Family: (Icteridae) Blackbirds and Orioles
Preferred Habitat: Open country
Seasonal Occurrence: Abundant throughout the year
Profile by Daniel Elting: The Brown-headed Cowbird is a stocky perching bird in the family of blackbirds and orioles. Males are black all over except for their namesake rusty brown head. Females are similar in size and shape but are a drab brown color with some darker coloration around their wings.
Brown-headed Cowbirds have one of the more interesting breeding strategies called brood parasitism, for which they have become notorious. Female cowbirds do no nest building on their own and exclusively lay their eggs in the nests built by other bird species and rely on the host species to incubate and rear their young. Because female cowbirds do none of the rearing, the entire focus of their breeding season is to lay as many eggs as possible. There are records of Brown-headed cowbirds that laid 40 eggs in one summer. Brown-headed Cowbird chicks almost always hatch and develop before their host species’ true young, giving them a head start on feeding from the adult. Cowbird chicks will even sometimes toss out the other eggs within the nest from which they hatched. Brown-headed Cowbirds have been recorded laying eggs in the nests over 220 different species; some of the more common hosts include Red-winged Blackbirds, Song Sparrows, Yellow Warblers, and Red-eyed Vireos.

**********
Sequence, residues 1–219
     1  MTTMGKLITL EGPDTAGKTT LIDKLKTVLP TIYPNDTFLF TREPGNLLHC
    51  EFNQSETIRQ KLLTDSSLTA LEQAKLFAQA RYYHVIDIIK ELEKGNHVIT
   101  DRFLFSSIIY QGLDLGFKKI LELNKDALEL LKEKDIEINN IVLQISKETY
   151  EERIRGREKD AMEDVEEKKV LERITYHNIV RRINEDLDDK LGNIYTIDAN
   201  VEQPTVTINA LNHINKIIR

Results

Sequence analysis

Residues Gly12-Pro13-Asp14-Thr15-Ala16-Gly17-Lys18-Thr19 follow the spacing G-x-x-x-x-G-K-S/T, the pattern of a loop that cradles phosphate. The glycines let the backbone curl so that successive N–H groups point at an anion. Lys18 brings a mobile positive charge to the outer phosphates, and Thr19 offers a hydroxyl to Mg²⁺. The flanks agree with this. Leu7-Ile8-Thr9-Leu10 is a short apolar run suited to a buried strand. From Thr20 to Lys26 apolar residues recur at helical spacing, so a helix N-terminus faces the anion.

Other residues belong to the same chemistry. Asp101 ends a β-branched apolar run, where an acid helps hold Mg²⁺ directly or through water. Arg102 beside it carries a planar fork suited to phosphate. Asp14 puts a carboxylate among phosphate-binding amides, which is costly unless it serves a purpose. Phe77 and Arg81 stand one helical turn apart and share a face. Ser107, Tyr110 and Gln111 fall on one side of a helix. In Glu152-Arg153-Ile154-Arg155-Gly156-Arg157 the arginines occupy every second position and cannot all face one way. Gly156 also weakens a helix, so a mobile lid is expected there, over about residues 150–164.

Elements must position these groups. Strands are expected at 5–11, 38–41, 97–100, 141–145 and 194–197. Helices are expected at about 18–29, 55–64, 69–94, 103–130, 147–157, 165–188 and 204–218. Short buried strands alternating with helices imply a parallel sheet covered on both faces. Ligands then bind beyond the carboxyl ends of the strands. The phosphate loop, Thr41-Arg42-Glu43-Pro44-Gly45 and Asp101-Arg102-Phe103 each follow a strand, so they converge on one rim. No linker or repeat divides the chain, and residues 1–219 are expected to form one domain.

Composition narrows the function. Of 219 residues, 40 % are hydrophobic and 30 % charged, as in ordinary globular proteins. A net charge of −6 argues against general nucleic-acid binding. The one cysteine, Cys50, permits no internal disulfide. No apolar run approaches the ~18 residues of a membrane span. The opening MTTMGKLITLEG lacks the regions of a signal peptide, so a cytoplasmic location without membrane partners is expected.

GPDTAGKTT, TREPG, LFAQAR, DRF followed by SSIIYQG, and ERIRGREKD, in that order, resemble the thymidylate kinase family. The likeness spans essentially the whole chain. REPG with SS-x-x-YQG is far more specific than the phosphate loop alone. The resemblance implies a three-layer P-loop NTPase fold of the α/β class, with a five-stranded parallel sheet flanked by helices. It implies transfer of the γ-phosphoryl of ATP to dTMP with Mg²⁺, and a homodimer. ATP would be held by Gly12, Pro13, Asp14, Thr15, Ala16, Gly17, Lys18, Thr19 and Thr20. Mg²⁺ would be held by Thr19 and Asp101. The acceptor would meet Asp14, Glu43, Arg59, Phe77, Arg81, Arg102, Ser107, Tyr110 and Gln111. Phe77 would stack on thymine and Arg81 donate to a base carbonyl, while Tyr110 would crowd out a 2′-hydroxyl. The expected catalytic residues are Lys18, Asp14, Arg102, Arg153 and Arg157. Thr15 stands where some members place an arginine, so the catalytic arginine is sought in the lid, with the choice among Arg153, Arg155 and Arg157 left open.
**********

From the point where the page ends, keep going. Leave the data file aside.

Brown-headed Cowbirds prefer open grasslands where they flock with other blackbirds and starlings to forage for seeds and insects. They get their name from often being observed in cattle pastures where they opportunistically swoop in on the insects that are kicked up from grazing cattle. Habitat fragmentation across the U.S. has actually opened up more suitable habitat for Brown-headed Cowbirds. Once constrained to the Great Plains of central North America, Brown-headed Cowbirds are now observed across the entire mainland of the United States.
Although Brown-headed Cowbirds are a native species, they are viewed as pests in some places. Brown-headed Cowbirds have been deemed detrimental parasites to some endangered songbirds such as Kirtland’s Warbler or Black-capped Vireos. Brown-headed Cowbirds are seen across Texas year-round and are a very common species at our Bolivar Flats Sanctuary.
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